As the Warburtons' field researcher, Ross had been sent to libraries and newspaper archives to locate documents about the property -- and hopefully the bonus information that a murder or a suicide might have occurred there. His inquiry had turned up nothing, but that never stopped Curtis. After all, a ghost could haunt a person as well as a place. History could hover, like a faint perfume or a memory stamped on the back of one's eyelids.
"Whatever it takes," Eve O'Donnell said. "This isn't about money."
"Of course not." Curtis smiled and slapped his palms on his knees. "Well, then. We've got some work to do."
That was Ross's cue. During the investigation, he was responsible for setting up and monitoring the electromagnetic equipment, the digital video cameras, the infrared thermometer. He worked for minimum wage, in spite of the money that came in from the TV show and from cases like this one. Ross had begged the Warburtons for a job nine months ago after reading about them in the L.A. Times on Halloween. Unlike Curtis and Maylene, he had never seen a spirit -- but he wanted to, badly. He was hoping that sensitivity to ghosts might be something you could catch from close contact, like chicken pox -- and, like chicken pox, might be something that would mark you forever.
"I thought I'd check the attic," Ross said.
He stood in the doorway for a moment, waiting for Eve O'Donnell to lead the way upstairs. "I feel foolish," she confided, although Ross had not asked. "At my age, seeing Casper."
Ross smiled. "A ghost can shake you up a little, and make you think you're nuts, but it's not going to hurt you."
"Oh, I don't think she'd hurt me."
Eve hesitated. "Harlan said I shouldn't volunteer any information. That way if you see what we do, then we'd know." She shivered, glanced up the narrow stairs. "My little sister died when I was seven. Sometimes I wonder...can a ghost find you, if she wants to?"
Ross looked away. "I don't know," he said, wishing he could have offered her more -- a concrete answer, a personal experience. His eyes lit on the small door at the top of the stairs. "Is that it?"
She nodded, letting him pass in front of her to unlatch it. The video camera Ross had mounted outside watched them from the window, a cyclops. Eve hugged herself tightly. "Being here gives me the chills."
Ross moved some boxes, so that no shadows would be caught on tape that could be explained away. "Curtis says that's how you know where to find them. You go with what your senses are telling you." A wink on the floor caught his eye; kneeling, he picked up a handful of pennies. "Six cents." He smiled. "Ironic."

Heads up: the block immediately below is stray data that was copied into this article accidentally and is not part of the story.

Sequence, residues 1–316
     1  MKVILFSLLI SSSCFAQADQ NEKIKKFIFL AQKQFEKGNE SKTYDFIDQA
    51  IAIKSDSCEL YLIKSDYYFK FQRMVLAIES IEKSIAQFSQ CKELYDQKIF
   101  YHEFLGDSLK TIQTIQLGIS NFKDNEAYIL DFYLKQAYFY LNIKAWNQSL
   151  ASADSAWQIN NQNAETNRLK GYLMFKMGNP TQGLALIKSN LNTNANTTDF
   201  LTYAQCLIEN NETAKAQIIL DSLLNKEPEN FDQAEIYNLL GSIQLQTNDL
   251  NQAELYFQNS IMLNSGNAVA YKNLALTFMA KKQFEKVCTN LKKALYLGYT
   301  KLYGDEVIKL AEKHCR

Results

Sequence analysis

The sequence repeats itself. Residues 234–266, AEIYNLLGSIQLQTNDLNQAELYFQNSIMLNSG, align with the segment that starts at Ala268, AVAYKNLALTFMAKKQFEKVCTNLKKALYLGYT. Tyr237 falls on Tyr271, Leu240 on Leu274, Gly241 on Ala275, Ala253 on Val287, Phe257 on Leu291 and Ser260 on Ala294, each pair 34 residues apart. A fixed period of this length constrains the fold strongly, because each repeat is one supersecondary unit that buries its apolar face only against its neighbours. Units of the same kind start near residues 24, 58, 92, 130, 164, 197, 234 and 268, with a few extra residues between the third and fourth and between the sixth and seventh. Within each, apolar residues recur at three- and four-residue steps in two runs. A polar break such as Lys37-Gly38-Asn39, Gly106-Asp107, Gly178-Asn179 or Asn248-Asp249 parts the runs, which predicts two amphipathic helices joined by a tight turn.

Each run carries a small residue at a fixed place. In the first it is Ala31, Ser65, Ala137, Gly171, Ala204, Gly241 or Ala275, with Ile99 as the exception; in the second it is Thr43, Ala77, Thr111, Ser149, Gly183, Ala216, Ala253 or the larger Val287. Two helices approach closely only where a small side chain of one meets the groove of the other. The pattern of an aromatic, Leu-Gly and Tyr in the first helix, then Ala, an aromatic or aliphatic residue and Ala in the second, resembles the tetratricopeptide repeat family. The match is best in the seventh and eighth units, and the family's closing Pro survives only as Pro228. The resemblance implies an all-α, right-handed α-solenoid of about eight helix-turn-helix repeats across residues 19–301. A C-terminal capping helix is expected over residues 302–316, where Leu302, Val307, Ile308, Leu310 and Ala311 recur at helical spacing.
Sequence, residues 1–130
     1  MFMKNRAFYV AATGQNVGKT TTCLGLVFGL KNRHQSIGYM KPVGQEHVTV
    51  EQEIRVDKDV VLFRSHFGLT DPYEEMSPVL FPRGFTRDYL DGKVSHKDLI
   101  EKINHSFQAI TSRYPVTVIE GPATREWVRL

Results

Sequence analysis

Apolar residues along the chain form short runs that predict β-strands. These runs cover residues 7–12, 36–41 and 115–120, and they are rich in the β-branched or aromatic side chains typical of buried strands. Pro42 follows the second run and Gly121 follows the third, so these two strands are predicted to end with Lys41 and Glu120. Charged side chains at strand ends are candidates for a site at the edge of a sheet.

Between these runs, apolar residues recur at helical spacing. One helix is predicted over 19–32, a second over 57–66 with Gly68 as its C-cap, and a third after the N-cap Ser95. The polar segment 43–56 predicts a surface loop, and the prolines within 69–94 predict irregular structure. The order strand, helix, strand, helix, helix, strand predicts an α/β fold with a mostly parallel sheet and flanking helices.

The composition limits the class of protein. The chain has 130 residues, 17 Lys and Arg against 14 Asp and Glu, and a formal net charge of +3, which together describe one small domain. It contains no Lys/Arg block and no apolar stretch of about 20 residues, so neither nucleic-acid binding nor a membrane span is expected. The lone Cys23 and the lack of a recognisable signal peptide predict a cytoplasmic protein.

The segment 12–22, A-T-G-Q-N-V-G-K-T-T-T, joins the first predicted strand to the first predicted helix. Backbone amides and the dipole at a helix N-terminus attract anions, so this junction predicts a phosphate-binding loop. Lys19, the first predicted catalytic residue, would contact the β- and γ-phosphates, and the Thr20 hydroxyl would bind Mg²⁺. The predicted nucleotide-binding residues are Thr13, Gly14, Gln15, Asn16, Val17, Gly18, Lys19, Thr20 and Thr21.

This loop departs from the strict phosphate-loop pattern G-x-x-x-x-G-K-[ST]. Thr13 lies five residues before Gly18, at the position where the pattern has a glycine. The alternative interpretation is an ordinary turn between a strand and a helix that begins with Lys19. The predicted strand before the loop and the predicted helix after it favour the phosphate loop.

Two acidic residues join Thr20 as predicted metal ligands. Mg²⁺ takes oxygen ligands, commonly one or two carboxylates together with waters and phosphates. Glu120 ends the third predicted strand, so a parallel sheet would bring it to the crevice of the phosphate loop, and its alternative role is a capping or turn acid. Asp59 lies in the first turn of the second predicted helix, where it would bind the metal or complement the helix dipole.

"She does that sometimes." Eve was edging toward the door, her arms wrapped around herself. "Leaves us change."
"The ghost?" Ross asked, turning, but Eve had already fled down the stairs.
Taking a deep breath, he closed the door to the attic and shut the light, plunging the small room into blackness. He stepped off to the side where he would not be in range of the video camera, and activated it with a remote control. Then he fixed his attention on the darkness around him, letting it press in at his chest and the backs of his knees, as Curtis Warburton had taught him. Ross cracked open his senses until the lip of disbelief thinned, until the space around him bloomed. Maybe this is it, he thought. Maybe the coming of ghosts feels like a sob at the back of your throat.
Somewhere off to the left was the sound of a footfall, and the unmistakable chime of coins striking the floor. Switching on a flashlight, Ross swung the beam until it illuminated his boot, and the three new pennies beside it. "Aimee?" he whispered to the empty air. "Is that you?"
Comtosook, Vermont, was a town marked by boundaries: the dip where it slipped into Lake Champlain, the cliffs that bordered the granite quarry where half the residents worked, the invisible demarcation where the rolling Vermont countryside became, with one more step, the city of Burlington. On the Congregational church in the center of town hung a plaque from Vermont Life magazine, dated 1994, the year that Comtosook was lauded as the most picture-perfect hamlet in the state. And it was -- there were days Eli Rochert looked at the leaves turning, rubies and amber and emeralds, and he simply had to stop for a moment and catch his breath.
From Second Glance by Jodi Picoult. Copyright Jodi Picoult 2003. All rights reserved. No part of this book may be reproduced in any form without written permission from the publisher, Simon & Schuster Adult Publishing Group.
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